How Vengeful Employees Can Be the Bane of Your Business

With computer viruses and data hacks flooding the headlines; it isn’t surprising that a majority of businesses are installing the latest security systems required to defend against modern attacks. Although many are focused on fending off malicious hackers; there’s another more dangerous threat to your organisation — the vengeful ex-employee.

According to an FBI public service announcement; cyber incidents caused by disgruntled employees can cost businesses anywhere from $5,000 to $3 million (USD). These incidents can range from data leaks to full-blown malware attacks; that can ruin everything you’ve worked for.

To make sure your business doesn’t fall victim to revenge-seeking employees, here’s what you need to know.

Plenty of ways to destroy your company

It’s shockingly easy for old staff members to infiltrate a business; after they’ve been fired. In fact, a large majority of businesses forget to terminate user accounts from Salesforce, Office 365, SharePoint, and Facebook; allowing ex-employees to retain login credentials. If any held a grudge to their former employer; their password is all they need to bypass all your expensive security protocols.

For example, a former purchasing manager with password access may tap into the business’s bank account to purchase personal items. Others could threaten to destroy sensitive information that could severely impact business operations. Former IT administrators, with full knowledge of the company’s security weaknesses; could even hack into business networks and threaten to shut down the entire system.

Even if a fired worker didn’t directly attack a business; he or she could still leak vital information. In 2015, for instance, an ex-manager of Australian steel corporation BlueScope; allegedly stole 40GB of sensitive documents before she was laid off; and used the files for her next job.

The growing threat

Because of the growth of new technologies, revenge attacks are more frequent than ever before. Cloud adoption may have significant cost-reduction benefits for businesses; but the problem is; these web applications can be accessed by anyone outside the company as long as they have the password.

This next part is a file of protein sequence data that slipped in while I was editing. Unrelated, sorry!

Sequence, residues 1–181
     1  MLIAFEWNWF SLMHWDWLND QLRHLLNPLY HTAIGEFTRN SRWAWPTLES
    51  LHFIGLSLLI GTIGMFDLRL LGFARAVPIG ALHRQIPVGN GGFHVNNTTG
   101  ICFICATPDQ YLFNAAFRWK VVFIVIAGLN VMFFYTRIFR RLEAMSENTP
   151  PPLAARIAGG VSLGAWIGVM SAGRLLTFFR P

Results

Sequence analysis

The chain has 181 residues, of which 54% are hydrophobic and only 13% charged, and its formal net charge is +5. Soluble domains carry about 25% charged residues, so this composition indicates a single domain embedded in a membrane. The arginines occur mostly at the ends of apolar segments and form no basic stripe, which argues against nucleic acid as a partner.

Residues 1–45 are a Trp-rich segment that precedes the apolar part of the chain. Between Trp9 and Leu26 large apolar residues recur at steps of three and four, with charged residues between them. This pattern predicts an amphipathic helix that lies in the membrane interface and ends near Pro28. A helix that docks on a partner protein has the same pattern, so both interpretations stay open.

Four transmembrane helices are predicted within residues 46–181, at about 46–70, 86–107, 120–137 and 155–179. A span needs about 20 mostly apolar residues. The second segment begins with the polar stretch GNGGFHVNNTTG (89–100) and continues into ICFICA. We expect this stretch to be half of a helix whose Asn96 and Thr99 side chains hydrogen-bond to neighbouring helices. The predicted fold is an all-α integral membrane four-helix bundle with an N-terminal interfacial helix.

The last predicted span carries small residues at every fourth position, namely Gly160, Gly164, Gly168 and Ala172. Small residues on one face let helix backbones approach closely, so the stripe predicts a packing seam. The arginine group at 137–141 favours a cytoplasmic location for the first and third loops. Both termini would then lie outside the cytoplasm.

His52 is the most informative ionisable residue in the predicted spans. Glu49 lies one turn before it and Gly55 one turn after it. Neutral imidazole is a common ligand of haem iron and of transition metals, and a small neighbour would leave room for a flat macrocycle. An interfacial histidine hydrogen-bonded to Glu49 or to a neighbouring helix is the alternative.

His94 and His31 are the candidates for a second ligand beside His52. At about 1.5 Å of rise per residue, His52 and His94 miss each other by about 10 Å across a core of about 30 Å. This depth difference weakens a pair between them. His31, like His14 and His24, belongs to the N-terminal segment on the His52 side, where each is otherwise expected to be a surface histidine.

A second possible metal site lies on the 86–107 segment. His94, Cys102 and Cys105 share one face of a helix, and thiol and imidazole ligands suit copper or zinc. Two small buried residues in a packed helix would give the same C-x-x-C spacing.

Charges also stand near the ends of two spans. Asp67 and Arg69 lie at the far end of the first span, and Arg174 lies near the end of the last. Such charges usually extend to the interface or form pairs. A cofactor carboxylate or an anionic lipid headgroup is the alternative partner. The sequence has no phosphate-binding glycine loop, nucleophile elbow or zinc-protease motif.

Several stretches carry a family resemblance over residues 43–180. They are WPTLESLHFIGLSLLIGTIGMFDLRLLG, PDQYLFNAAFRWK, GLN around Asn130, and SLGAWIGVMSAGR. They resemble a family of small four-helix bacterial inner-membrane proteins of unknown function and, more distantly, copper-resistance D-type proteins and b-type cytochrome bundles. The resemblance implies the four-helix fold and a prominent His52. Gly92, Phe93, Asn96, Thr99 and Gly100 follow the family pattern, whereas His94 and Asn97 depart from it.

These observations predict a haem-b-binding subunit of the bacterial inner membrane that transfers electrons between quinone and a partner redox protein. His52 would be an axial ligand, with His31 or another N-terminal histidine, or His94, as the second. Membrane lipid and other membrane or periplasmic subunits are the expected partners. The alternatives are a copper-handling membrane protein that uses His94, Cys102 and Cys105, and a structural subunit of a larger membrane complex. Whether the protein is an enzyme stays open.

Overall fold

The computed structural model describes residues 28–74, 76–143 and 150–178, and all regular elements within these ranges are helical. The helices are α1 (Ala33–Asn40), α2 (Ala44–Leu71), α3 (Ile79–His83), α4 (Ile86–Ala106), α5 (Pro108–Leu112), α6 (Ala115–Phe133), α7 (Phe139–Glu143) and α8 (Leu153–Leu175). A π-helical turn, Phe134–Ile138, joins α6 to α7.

The rise of bring your own device (BYOD) policies; where employees are allowed to use their personal devices for work; also pose inherent risks. Since personal smartphones, laptops, and tablets stay with employees after they’ve been let go; he or she may still have company documents and applications saved on their mobile device.

As such, companies must have a clear set of procedures for handling cloud accounts; mobile devices, applications, and data when workers have been made redundant. To prevent these incidents, consider the following tips:

  1. Keep track of digital assets – first; you must take a detailed inventory of all the accounts, data, security passes, and corporate devices each staff member uses. This will serve as a checklist to ensure that vital assets are returned to your company.
  2. Deactivate accounts – once you’ve compiled the inventory; deactivate stagnant user accounts immediately. Web applications like Dynamics CRM usually have System Administrator options that allow you to remove employees from your subscription. And if you’re using shared passwords for a company Facebook or Twitter account; remember to set a new password to prevent saboteurs from making rogue posts.
  3. Deprovision Office 365 – if your company uses Office 365; go to the Admin Centre and reset the ex-employee’s Active Directory password so they can no longer access their account. From there, add a manager as the co-owner of the account to retrieve and store any important resources. Then, simply delete the account and withdraw the Office 365 license.
  4. Remove sensitive data from personal devices – organisations that operate with BYOD policies; should also have procedures in place to wipe company data off of mobile devices. Mobile Device Management (MDM) solutions have selective wipe features; which helps in deleting sensitive company data while keeping personal information intact.
  5. Monitor system activity – remote, 24/7 surveillance of your servers, devices, and networks will help you act on unauthorised access or malware incidents early.
  6. Create a response plan – talk to a managed services provider and have them set up cloud backups to recover compromised data and software.
  7. Deter bad behaviour – another way to avoid the wrath of a former employee is to set up disciplinary policies and penalties in non-disclosure agreements; to discourage those who would compromise the security of your organisation.

Once you’ve addressed these steps; make sure current and future staff understand these procedures so they know what to expect if they ever left the company.

Are you ready?

Fired workers pose a serious risk for organisations; but they can be managed with the right preparation. As long as your company is proactive with account management, data deletion, and 24/7 system monitoring; you can reduce the chances of an attack. And if you don’t have the security expertise; a trusted managed services provider can provide the tools, manpower, and advice to help you fend off a backstabbing employee.

At Empower IT; we do all we can to ensure your company is not blindsided by vengeful workers. We implement MDM solutions, manage your business accounts; as well as use remote monitoring tools to keep your company safe. Call us today for all your cybersecurity needs.